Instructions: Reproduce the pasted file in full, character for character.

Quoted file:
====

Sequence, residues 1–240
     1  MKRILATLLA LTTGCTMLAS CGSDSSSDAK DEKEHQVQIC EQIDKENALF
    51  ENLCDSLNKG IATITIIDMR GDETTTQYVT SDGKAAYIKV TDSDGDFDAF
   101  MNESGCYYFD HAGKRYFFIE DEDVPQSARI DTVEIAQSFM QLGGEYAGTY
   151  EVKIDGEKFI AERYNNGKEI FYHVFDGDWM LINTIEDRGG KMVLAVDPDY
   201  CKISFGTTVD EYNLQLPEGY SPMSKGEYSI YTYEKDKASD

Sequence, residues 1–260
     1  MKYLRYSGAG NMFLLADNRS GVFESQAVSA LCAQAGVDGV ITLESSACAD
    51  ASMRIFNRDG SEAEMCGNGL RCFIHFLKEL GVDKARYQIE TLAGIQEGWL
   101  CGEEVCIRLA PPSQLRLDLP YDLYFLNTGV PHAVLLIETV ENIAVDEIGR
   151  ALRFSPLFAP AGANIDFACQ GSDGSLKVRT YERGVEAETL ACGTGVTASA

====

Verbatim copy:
Sequence, residues 1–240
     1  MKRILATLLA LTTGCTMLAS CGSDSSSDAK DEKEHQVQIC EQIDKENALF
    51  ENLCDSLNKG IATITIIDMR GDETTTQYVT SDGKAAYIKV TDSDGDFDAF
   101  MNESGCYYFD HAGKRYFFIE DEDVPQSARI DTVEIAQSFM QLGGEYAGTY
   151  EVKIDGEKFI AERYNNGKEI FYHVFDGDWM LINTIEDRGG KMVLAVDPDY
   201  CKISFGTTVD EYNLQLPEGY SPMSKGEYSI YTYEKDKASD

Sequence, residues 1–260
     1  MKYLRYSGAG NMFLLADNRS GVFESQAVSA LCAQAGVDGV ITLESSACAD
    51  ASMRIFNRDG SEAEMCGNGL RCFIHFLKEL GVDKARYQIE TLAGIQEGWL
   101  CGEEVCIRLA PPSQLRLDLP YDLYFLNTGV PHAVLLIETV ENIAVDEIGR
   151  ALRFSPLFAP AGANIDFACQ GSDGSLKVRT YERGVEAETL ACGTGVTASA